The Invention of Exile
At one point in Vanessa Manko's debut novel, THE INVENTION OF EXILE, her protagonist, Austin Voronkov, stands on the Mexico-U.S. border, just yards away from the country he both resents and longs for: "The beads of sweat formed along his back, tears rolled down his face, and his heart felt dry and parched with anguish as he felt something break, a deep terrible split, like a tendon torn, his heart beating faster, a sinking feeling as if he were falling from a great height, though when he looked he knew he was on the ground, and the tearing pulled and stretched and, as much as he tried to throw himself across, he felt it all fall away from him."
This moment of turmoil and torment is one of the few times Austin allows himself to succumb to the loss and injustice that have defined his adult life, even as he continues to try to do the right thing. Earlier in his life, when the border was more porous, Austin could conceivably have just walked across into the United States without consequence; now, however, in the 1940s, the border is more heavily controlled as American xenophobia rises to new heights of paranoia.
"Manko's narrative shifts back and forth between Austin's tedious existence in Mexico City and the circumstances that brought him to this point. Her writing style is alternately lyrical and percussive, with frequent sentence fragments serving to break up the prose and make it feel more immediate and spontaneous."
Austin's exile --- most agonizing because he is separated from his beloved wife, Julia, and their three children --- has arisen primarily from one bad interview, the result of the 1919-1920 Palmer Raids, which rounded up Russian immigrants in the wake of the Russian Revolution and questioned them to see if they were Communist sympathizers. Whether due to a language barrier, a misunderstanding, or sheer stubbornness, Austin inadvertently convinces the officials that he's an anarchist and finds himself deported, along with Julia.
Eager to get back to the United States, the couple eventually find sanctuary in Mexico, where Austin, an engineer in his native Russia, finds work first as a lighthouse keeper and later as a copper mine worker. When Julia and their children have the opportunity to return to the United States, they take it, convinced that she can advocate for her husband more effectively from within the U.S. Fourteen years on, however, Julia is still in Connecticut and Austin is still in Mexico City, running a relatively successful repair shop and despairing the fact that letters from his wife continue to dwindle in frequency. Austin strongly believes that the patent applications for his inventions will convince the U.S. government to allow him to return. Meanwhile, Julia's relative silence and some not altogether unwanted advances from an attractive repair shop customer leads Austin to wonder if all this waiting has just been futile.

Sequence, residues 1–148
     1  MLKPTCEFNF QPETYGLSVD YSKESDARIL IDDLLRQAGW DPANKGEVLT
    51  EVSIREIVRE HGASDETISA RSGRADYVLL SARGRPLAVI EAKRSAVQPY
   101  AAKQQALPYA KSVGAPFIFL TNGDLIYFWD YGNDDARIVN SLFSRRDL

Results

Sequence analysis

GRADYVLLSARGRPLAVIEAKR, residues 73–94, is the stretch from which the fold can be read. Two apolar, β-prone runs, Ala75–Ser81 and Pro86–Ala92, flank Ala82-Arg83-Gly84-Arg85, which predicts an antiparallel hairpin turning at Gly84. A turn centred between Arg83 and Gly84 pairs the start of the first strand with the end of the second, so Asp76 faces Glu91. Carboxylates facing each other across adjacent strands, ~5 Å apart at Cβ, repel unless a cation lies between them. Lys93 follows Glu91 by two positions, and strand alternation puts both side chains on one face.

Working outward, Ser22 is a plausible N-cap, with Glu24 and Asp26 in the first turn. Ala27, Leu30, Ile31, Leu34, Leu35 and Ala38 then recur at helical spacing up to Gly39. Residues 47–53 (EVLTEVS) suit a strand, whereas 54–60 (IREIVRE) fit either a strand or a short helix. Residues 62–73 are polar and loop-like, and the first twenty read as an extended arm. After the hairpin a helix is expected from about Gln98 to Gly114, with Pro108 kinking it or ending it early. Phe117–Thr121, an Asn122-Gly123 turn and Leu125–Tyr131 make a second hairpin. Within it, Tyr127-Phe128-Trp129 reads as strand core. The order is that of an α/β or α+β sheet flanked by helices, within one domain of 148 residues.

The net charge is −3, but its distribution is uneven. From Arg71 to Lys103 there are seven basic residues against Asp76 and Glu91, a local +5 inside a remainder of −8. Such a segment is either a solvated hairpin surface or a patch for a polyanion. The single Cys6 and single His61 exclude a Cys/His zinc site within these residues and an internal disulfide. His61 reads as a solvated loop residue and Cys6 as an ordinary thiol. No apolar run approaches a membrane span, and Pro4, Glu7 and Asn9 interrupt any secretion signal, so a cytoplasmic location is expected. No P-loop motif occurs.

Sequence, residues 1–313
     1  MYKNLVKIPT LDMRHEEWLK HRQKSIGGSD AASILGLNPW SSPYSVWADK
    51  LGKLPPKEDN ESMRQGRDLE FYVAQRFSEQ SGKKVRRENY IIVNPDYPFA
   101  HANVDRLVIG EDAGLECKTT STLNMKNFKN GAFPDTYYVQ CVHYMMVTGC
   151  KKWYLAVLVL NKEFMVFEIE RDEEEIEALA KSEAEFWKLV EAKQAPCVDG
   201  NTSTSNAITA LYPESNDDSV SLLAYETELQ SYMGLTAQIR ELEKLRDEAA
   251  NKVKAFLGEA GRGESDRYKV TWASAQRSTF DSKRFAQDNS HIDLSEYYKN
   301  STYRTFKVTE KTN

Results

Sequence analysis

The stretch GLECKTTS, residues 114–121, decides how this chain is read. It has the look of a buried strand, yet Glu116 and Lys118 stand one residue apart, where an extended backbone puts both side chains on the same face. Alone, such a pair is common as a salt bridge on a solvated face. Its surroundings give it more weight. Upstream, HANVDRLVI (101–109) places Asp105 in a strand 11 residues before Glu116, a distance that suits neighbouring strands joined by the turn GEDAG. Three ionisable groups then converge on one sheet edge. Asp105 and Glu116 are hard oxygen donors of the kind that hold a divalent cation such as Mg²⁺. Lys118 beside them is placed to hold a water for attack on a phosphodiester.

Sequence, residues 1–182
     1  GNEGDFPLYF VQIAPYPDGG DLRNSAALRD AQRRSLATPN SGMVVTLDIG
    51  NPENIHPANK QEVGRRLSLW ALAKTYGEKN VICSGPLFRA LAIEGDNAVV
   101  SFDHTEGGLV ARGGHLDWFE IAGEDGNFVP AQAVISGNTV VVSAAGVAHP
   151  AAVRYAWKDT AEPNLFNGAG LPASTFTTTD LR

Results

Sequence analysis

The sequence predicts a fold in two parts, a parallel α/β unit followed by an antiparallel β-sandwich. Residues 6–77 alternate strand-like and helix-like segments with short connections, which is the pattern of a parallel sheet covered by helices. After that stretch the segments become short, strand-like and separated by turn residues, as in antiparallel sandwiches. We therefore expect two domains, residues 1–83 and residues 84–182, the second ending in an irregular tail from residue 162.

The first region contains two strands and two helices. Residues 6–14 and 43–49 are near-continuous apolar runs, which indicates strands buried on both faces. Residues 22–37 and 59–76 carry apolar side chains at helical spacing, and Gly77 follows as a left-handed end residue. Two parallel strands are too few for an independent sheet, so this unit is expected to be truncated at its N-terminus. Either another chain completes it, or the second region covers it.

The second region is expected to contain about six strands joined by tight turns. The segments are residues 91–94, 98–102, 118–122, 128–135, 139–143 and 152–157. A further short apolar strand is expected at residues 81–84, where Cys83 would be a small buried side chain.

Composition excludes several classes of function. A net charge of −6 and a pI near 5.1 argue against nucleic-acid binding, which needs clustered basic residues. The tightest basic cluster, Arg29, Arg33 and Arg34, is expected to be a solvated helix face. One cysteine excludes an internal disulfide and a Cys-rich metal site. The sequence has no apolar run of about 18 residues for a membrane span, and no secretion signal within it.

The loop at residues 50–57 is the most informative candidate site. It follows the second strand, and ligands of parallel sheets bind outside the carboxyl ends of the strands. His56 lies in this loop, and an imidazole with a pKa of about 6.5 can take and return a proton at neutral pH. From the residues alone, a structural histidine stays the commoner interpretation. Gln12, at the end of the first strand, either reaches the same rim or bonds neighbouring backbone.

THE INVENTION OF EXILE is, according to the author's acknowledgments, inspired by the life story of her grandparents, although her approach to the story goes far beyond mere retelling. Manko's narrative shifts back and forth between Austin's tedious existence in Mexico City and the circumstances that brought him to this point. Her writing style is alternately lyrical and percussive, with frequent sentence fragments serving to break up the prose and make it feel more immediate and spontaneous. Manko's novel is, in the end, about the ways a single moment can define a life, for better or for worse, and the circumstances, real or imagined, that can separate us from family and home, or the idea of home.
Reviewed by Norah Piehl on August 15, 2014